Hockey Sticks in Membertou
The Membertou Heritage Park is home to a very special wooden hockey stick that is OVER 100 YEARS OLD. The stick is carefully placed in one of the exhibits within the park that houses old artefacts and sacred pieces of our communities history. The stick has been recently donated to Membertou by Stewart Matheson of Sydney. The story of the special stick is an important one, so we want to share it with YOU.
The stick has been in Matheson's family for over a century and he believes that it was created by the Mi'kmaq people. Stewart donated the stick to the community of Membertou after it had been sitting in his basement for many years. He says that he feels it belongs in our community.
As Mi'kmaq people, we have our own connection to the game of hockey. Many talk about the legend that the Mi'kmaq people were the first ones to play the sport.
According to legend, Glooscap the Creator had his family stolen by the winter god, Winpe. Winpe stated that if Glooscap wanted his family back he would have to play a game. Glooscap could earn his family back if he WON this game. Glooscap agreed to play. Winpe froze the water and turned it into ice. After the ice was created he gave Glooscap a ball and stick and explained the rules. Glooscap ended up winning the game and freed his family. He took the game back to show his people what he had learned. This is how hockey is said to have begun.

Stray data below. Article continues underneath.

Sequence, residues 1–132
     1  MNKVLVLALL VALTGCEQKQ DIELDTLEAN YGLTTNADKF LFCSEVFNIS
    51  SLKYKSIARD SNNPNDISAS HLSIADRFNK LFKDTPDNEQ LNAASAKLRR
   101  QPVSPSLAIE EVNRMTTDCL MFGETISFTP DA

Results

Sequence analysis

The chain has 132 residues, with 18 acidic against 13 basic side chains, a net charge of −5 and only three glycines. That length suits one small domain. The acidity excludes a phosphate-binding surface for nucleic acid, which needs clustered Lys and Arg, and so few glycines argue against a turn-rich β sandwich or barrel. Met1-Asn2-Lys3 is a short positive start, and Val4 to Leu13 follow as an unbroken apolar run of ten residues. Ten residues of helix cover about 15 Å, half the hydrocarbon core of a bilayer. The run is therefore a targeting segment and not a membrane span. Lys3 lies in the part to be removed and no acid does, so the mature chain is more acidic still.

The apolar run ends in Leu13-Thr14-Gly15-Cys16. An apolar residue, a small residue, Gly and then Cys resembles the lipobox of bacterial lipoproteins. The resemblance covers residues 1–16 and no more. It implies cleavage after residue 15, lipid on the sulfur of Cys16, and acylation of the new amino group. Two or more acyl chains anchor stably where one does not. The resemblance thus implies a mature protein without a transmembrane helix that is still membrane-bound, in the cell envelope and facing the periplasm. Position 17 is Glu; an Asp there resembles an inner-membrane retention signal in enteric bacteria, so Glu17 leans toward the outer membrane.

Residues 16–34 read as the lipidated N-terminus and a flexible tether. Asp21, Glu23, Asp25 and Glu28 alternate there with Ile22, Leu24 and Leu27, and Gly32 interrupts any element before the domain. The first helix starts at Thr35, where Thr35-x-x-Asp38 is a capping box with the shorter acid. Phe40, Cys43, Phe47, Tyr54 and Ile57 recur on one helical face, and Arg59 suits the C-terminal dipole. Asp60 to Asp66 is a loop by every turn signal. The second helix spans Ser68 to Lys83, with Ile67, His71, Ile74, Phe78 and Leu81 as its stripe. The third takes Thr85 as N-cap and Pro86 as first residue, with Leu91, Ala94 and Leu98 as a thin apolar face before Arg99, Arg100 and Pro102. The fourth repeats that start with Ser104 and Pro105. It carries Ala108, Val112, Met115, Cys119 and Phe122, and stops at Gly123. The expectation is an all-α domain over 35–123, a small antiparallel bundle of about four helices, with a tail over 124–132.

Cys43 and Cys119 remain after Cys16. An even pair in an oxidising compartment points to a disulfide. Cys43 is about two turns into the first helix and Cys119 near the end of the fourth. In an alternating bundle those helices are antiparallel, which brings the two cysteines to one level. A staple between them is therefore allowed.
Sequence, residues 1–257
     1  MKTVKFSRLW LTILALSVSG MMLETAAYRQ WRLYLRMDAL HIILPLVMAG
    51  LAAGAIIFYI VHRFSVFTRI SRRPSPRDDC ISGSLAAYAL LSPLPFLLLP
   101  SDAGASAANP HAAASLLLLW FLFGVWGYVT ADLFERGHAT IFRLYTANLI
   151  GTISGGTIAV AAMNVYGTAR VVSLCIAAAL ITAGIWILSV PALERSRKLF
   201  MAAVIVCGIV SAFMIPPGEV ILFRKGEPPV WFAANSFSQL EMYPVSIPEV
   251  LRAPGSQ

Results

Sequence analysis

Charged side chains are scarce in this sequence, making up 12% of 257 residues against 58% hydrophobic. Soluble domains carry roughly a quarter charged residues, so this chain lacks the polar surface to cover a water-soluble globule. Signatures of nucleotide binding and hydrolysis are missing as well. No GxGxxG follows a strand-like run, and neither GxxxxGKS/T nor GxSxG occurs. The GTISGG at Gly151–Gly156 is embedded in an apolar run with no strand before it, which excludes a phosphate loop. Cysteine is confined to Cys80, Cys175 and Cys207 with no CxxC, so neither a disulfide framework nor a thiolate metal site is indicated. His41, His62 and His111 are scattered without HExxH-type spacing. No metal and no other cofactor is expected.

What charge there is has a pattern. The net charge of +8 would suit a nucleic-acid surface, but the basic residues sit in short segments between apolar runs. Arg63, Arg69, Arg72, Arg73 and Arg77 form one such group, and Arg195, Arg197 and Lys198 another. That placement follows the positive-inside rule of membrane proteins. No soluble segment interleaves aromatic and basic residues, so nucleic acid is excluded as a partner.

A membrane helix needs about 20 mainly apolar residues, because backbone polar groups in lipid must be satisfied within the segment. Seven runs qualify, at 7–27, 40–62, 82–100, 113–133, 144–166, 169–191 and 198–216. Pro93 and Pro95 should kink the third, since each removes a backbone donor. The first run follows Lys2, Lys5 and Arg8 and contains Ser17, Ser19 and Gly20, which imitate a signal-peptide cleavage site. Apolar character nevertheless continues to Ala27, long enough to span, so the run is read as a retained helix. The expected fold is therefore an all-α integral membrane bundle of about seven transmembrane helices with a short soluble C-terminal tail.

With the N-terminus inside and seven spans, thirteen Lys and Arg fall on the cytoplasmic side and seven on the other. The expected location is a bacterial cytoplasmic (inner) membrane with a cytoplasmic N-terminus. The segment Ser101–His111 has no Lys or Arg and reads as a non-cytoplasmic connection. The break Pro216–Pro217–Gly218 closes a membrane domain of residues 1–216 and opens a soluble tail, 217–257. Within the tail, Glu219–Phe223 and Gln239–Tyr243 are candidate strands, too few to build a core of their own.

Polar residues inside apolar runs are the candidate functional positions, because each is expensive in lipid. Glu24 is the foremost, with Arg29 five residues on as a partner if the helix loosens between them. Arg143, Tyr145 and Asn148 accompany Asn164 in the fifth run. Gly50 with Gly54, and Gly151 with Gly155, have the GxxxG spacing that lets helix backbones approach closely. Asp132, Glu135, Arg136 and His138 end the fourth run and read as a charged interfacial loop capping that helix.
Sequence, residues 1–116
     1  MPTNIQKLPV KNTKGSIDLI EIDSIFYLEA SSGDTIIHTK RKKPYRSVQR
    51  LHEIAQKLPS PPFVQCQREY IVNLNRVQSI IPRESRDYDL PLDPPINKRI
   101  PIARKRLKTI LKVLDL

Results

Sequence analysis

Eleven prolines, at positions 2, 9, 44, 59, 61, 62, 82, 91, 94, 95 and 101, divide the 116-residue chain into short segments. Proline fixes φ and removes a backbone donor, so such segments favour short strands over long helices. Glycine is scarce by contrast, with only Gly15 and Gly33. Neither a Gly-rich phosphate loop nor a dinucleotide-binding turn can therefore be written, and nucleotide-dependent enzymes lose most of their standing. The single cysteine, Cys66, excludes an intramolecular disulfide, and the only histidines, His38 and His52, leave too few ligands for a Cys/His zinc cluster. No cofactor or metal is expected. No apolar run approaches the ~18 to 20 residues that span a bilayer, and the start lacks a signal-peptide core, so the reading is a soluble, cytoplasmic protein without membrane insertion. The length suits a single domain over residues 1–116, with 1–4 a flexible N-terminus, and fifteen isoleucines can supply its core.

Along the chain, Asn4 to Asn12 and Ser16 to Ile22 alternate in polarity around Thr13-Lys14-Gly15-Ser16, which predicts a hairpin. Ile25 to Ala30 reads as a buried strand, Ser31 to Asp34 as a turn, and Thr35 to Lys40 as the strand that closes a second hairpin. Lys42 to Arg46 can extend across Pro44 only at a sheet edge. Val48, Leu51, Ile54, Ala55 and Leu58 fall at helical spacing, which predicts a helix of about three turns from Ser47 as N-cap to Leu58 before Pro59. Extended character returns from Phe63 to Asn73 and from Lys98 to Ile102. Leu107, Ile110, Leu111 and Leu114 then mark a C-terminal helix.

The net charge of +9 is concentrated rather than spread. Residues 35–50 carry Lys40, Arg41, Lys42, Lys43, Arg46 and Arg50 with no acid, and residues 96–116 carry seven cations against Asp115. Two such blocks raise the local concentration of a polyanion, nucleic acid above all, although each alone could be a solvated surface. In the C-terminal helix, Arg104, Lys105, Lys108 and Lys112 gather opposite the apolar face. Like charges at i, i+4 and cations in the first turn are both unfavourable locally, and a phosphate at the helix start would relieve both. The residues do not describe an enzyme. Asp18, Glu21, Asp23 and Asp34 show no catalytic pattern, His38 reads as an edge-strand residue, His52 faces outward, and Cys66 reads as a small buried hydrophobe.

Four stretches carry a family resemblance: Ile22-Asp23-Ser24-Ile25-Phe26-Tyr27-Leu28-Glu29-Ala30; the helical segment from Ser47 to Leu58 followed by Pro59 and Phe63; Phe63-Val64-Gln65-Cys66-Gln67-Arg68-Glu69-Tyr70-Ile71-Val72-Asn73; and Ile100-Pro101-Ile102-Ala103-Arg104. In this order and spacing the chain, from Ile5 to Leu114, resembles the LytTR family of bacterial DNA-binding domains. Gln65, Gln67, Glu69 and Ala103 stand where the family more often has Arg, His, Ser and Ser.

Our people were skilled wood workers and still are to this day. In the 19th Century, commercial sticks were made from carved hornbeam and later were created from ash and birch. The crafters would look for a root with a natural bend,good flexibility and strength. The wood was cut into crude sticks with square saws and were hung up to dry. A drawknife was used to fine tune the wood into a hockey stick.
Historically, Aboriginal communities across Nova Scotia created thousands of sticks and shipped them as far as Montreal and Kingston. It was a primary source of income for families. The sticks were known for their quality and would sell for 0.25 or 0.50 cents at markets.
Homemade hockey sticks are considered rare. When asked why he didnt sell his hockey stick online, he responded that it did not feel like the right thing to do. The incredible piece of history can now be viewed at the Membertou Heritage Park and is living proof of the Mi'kmaq people's vital contributions to Canada's favourite game!